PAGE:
El Salvador—Barista Trip

Talking about earthquakes almost certainly causes them, that is now my belief.  After discussing the earthquake in Mexico City yesterday, we were treated to multiple tremors in San Salvador last night.  But all in good fun.  I am currently traveling with our very own Lauren of Public Domain coffee to visit our Direct Trade producers in El Salvador.  We are both California girls, so the tremors did not faze us, and we were rearing to go this morning.

Guillermo picked us up and we immediately set off for Ahuachapan to meet up with Mama and Papa Menendez to get to the Piedra Grande mill.  This is Lauren’s first trip to coffee origin, so it was fun to fill her in on all of the things that we usually take for granted: the names of the volcanoes, the smell of flowering coffee trees, and the undeniable stench of coffee cherry compost.

We arrived at Piedra Grande around noon and Miguel Sr. treated us to a brief tour of the mill from cherry to green exportable coffee.  The last picking was completed last Sunday, so the mill is much quieter than usual, and only a few lots of coffee were left drying on the warm volcanic clay ground.  After the tour we got to cup some great lots of coffees, the first table was a composite of bourbon coffees that have had a couple of months to settle, and the difference between January and March was incredible, and the wonderful chocolate and berry notes are really singing now.  Our second table, in Lauren’s honor, was different lots of Las Delicias Pacamaras.  These four lots were different pick dates and plots (3 from the front of the mountain and one from the back) and the coffees were really great.  There was one real standout coffee, the highest Las Nubes lot, that sparkled with peach, berry, and chocolate flavors.  Lauren and I both agree that this will be an awesome coffee for Coffee Bean International! The Pacamaras had only been resting for around 4 weeks on average, so these will only get much better with a little more time.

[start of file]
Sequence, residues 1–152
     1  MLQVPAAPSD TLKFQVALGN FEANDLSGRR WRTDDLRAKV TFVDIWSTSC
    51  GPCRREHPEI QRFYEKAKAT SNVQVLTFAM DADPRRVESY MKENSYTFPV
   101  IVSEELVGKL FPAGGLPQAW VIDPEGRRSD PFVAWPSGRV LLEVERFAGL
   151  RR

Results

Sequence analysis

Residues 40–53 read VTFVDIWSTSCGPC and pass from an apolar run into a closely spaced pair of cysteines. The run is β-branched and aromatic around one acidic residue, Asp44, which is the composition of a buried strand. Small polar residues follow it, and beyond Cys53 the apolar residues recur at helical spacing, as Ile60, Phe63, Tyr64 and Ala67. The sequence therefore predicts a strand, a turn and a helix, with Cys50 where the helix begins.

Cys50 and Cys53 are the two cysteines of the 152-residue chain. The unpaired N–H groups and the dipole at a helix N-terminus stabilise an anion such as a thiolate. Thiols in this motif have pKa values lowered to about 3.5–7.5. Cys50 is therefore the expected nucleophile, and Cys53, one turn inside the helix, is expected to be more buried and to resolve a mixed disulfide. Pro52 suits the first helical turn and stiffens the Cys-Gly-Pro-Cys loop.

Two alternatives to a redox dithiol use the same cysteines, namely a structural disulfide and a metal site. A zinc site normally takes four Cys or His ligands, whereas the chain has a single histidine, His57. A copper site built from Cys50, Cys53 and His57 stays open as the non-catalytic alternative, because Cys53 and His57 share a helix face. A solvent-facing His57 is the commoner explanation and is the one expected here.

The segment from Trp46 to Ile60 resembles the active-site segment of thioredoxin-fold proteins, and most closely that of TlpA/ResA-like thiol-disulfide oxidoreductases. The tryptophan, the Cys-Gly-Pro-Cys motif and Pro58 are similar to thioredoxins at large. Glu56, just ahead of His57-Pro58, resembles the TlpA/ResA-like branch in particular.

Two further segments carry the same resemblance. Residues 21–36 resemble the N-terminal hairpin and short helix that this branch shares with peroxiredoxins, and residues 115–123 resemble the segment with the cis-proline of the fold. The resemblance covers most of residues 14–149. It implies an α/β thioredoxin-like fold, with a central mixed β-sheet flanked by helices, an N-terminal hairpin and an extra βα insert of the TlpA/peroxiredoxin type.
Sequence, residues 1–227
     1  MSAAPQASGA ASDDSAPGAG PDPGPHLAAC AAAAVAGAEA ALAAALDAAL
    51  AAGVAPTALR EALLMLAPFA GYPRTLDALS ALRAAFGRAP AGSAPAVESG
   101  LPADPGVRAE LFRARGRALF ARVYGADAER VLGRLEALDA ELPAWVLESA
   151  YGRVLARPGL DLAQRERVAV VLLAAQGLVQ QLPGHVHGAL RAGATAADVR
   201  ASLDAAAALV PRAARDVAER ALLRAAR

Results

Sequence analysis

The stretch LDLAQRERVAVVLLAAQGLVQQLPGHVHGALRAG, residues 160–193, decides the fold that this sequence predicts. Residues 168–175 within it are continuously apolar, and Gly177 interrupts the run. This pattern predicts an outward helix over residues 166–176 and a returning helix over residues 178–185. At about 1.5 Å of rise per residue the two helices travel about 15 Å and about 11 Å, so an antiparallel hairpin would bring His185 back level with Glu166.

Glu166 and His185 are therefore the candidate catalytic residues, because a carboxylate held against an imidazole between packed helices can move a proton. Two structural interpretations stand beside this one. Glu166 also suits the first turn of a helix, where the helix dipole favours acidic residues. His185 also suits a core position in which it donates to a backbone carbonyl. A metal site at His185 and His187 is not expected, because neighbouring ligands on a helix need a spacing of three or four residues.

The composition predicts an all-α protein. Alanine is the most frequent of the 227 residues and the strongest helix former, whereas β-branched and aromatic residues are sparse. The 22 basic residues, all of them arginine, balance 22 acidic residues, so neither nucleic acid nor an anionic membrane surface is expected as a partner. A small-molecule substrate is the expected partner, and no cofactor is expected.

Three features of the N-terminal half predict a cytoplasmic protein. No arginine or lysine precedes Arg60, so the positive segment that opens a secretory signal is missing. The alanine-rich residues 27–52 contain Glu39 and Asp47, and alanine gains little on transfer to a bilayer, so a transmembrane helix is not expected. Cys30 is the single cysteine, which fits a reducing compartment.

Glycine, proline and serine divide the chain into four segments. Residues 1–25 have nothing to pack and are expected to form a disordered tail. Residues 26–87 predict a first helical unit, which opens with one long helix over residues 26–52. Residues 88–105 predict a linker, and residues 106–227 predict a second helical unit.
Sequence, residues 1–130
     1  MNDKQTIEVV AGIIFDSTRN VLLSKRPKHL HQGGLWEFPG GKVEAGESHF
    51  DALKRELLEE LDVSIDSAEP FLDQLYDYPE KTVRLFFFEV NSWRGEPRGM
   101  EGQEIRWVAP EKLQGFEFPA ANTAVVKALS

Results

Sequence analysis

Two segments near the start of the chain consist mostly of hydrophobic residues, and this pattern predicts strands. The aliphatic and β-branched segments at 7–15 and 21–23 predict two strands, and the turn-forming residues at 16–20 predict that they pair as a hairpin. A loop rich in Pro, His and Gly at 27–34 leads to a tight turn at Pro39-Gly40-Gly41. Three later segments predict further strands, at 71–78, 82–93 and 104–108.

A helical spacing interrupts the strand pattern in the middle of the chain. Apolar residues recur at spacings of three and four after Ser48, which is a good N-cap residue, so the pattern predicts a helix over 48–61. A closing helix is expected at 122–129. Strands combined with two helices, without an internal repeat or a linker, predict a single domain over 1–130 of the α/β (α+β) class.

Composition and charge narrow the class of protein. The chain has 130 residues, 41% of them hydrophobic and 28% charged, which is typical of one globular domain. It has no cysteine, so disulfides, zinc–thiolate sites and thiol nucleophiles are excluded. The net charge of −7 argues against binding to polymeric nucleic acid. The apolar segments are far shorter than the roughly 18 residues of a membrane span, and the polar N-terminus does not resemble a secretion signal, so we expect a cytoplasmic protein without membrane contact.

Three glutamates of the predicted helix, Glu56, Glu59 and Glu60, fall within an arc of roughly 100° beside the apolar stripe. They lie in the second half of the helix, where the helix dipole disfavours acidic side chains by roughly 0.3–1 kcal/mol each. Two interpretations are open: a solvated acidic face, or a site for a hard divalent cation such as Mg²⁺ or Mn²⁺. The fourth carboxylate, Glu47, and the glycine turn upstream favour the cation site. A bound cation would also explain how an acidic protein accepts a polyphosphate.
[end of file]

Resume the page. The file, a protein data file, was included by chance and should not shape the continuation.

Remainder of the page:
One delicious lunch and catnap later, we were on our way to visit Las Delicias farm.  Lauren used the Las Delicias coffee in her competition for the Northwest Regionals, so she was pretty well filled in on the farm already, but it was awesome for her to get to see everything that before she had only studied from my trip reports! Armed with an altitude meter and Miguel’s monster truck, we trekked up top to Las Nubes and walked down through all of the manzanas of Pacamara plants.  The trail is as rough as ever, but we recorded no serious falls, a first for the walk down Las Delicias for me I am pretty sure! Lauren really enjoyed the trip, and it was so wonderful to be with her as she experienced a coffee farm firsthand!

After Las Delicias, we spent a couple of hours driving through their other nearby farms San Antonio and Santa Barbara before we headed back down to the mill.  Lauren was able to see at least the dry mill in action as the workers worked overtime, sorting coffee to get the remaining containers bagged and exported.  The vibe on the farm was as jovial as usual, if not eerily quiet without the monster of a wet mill spitting out triple washed bourbons all night!

Now we are back in the peaceful retreat of the Menendez’s house in Ahuachapan, waiting for our sweet, sweet pupusas, tamales and refried beans for dinner.

Hasta Manana!

Learn more at projectdirectcoffee.com

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